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Africa|Defence|Sanitation|Service|Services|Water|Environmental
Africa|Defence|Sanitation|Service|Services|Water|Environmental
africa|defence|sanitation|service|services|water|environmental

Proposed water amendments needed, but inconsistencies, enforcement need to be fixed

14th February 2024

By: Natasha Odendaal

Creamer Media Senior Deputy Editor

     

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While some of the Department of Water and Sanitation’s (DWS’s) recently proposed water amendments, which have significant implications for water resource management and public access to water, are an important step in working towards clean and accessible water for all, some inconsistencies need to be ironed out before enactment.

This emerged during a virtual panel discussion hosted by WaterCAN, in collaboration with the University of Johannesburg's (UJ’s) Centre for Social Development in Africa (CSDA) and moderated by WaterCAN executive manager Dr Ferrial Adam, to discuss the DWS’s recently tabled proposed amendments to the National Water Act of 1998 (NWA) and the Water Services Act of 1997 (WSA).

The panelists on Tuesday urged the public to comment on the proposals, which were gazetted in November and aimed at strengthening and improving South Africa’s water sector, by March 1, after the DWS extended the public participation process from the initial deadline of January 16.

“This is the biggest overhaul since these Acts were promulgated,” said Water Research Commission research manager John Dini during the webinar, which delved into the proposed changes and their potential impact and implications.

Further, the changes were overdue, he said, noting that, since promulgation, the Acts had only been amended twice in the case of the WSA, which came into effect in 1997, and just once in the case of the NWA, which was promulgated a year later.

The NWA proposes changes include a new chapter surrounding the protection of water source areas, more commonly known as strategic water source areas; a package of measures to enhance redress and equity; the prohibition of permanent water trading; the transition into legislation of the policy-embedded concept of 'use it or lose it'; and the prioritisation of the redress of past discrimination when issuing licences.

It also touches on the restrictions of new registrations of existing lawful uses; membership, voting rights and operational areas of water user associations; and apportionment of individual liability, which means that directors and managers can face criminal charges if their company or municipality violates environmental laws.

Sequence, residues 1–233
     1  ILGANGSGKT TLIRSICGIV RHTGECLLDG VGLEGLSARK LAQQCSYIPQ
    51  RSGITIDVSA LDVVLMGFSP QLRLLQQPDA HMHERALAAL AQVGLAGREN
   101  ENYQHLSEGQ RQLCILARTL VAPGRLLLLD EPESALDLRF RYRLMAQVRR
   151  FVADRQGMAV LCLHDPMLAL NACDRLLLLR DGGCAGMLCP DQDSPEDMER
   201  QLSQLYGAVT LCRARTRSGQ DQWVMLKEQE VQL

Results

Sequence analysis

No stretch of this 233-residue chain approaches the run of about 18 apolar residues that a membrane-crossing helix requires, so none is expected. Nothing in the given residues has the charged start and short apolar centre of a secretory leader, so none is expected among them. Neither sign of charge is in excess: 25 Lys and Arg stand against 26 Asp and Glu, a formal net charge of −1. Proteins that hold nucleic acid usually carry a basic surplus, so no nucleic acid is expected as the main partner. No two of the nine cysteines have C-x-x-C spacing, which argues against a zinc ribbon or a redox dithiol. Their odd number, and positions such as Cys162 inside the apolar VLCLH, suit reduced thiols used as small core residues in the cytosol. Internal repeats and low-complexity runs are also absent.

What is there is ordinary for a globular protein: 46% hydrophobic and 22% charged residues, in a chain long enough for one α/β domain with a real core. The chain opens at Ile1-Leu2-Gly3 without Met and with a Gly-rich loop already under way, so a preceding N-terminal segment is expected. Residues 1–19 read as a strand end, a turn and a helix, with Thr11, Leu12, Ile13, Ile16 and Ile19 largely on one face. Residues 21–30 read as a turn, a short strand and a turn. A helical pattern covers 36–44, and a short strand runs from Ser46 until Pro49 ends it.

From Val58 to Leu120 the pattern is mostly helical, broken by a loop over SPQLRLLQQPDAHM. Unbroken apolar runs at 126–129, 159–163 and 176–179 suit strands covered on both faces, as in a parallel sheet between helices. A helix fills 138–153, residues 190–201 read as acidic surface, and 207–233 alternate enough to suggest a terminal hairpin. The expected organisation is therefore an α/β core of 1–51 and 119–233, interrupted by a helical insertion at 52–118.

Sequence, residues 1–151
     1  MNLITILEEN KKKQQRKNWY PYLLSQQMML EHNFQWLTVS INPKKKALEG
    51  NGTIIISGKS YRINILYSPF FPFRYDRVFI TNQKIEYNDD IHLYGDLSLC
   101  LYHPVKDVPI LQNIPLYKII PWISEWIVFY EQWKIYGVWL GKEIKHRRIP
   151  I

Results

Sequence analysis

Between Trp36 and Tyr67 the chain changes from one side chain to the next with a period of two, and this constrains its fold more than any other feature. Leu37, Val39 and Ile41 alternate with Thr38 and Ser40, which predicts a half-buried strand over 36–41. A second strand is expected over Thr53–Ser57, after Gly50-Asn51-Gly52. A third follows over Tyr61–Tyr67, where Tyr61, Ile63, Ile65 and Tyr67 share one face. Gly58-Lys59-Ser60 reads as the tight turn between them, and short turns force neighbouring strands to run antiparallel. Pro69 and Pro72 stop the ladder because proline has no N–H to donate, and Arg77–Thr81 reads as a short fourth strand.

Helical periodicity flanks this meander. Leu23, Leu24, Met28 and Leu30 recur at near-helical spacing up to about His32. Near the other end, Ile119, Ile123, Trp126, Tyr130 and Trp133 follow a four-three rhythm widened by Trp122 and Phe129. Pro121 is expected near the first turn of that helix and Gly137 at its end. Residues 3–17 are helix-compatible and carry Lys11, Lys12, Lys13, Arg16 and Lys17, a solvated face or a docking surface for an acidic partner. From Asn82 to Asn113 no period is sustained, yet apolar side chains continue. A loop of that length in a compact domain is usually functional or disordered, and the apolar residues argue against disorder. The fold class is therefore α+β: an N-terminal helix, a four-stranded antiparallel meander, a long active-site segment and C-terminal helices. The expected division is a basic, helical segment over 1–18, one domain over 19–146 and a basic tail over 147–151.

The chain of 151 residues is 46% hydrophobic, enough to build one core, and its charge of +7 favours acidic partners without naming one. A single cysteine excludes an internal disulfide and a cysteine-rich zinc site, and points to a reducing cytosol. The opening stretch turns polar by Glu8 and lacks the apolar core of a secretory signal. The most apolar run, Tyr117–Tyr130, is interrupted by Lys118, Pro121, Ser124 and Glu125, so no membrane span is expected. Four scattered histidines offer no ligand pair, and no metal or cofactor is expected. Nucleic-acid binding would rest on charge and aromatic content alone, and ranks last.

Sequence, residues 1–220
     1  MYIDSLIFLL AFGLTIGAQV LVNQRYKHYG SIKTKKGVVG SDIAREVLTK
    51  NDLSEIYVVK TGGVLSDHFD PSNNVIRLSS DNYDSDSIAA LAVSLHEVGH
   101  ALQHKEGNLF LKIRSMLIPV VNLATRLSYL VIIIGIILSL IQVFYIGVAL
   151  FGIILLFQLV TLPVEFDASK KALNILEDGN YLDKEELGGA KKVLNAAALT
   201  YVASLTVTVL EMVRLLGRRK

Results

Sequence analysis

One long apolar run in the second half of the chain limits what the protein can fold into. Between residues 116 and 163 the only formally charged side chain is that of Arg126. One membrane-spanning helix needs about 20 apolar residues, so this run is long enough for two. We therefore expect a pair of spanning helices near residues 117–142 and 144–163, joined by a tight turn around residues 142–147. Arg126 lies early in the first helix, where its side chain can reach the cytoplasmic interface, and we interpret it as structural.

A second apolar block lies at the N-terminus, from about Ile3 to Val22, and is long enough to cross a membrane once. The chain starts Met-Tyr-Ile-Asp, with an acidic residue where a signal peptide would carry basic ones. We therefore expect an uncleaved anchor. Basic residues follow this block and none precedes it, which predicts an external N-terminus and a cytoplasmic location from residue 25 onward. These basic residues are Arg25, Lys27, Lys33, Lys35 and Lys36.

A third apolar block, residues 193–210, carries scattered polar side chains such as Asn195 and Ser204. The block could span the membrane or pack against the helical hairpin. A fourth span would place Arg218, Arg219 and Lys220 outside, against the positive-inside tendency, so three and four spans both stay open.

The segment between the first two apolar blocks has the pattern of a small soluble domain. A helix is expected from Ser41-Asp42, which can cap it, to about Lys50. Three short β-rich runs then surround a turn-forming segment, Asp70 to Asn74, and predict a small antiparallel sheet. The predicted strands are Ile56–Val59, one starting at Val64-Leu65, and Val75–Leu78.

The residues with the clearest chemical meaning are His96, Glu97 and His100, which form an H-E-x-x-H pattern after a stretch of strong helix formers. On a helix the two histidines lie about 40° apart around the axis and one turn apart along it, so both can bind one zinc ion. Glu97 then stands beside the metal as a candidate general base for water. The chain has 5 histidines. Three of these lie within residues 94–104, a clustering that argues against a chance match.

The WSA amendments cover measures to improve the provision of water services; a better separation of water service authority and water service provider functions; the introduction of the licensing of water service providers; and enhanced interventions by the Water and Sanitation Minister when needed.

Further, the amendments of the Acts, which are the foundational statutes that define how water is managed, controlled, conserved and protected, besides others, in South Africa, are also converting into law some policy positions that have been approved since about 2013/14.

“There are certain things that were adopted back at that time, that could not be enforced until now because they had not been converted into law, so this is a big moment to do that,” Dini pointed out.

UJ CSDA senior researcher Dr Anthony Kaziboni said that, while the amendment Bills aimed to improve water resource management and service delivery, several concerns required attention before enactment.

Potential contradictions with existing legislation could invite legal challenges, hindering effective implementation, and inconsistencies within the water Bills raised constitutional and potential enforceability concerns.

He cited the example of the proposed director liability provision which does not align with the National Environmental Management Act of 1998 (Nema), which is the overarching law in South Africa upon which all other environmental laws are based.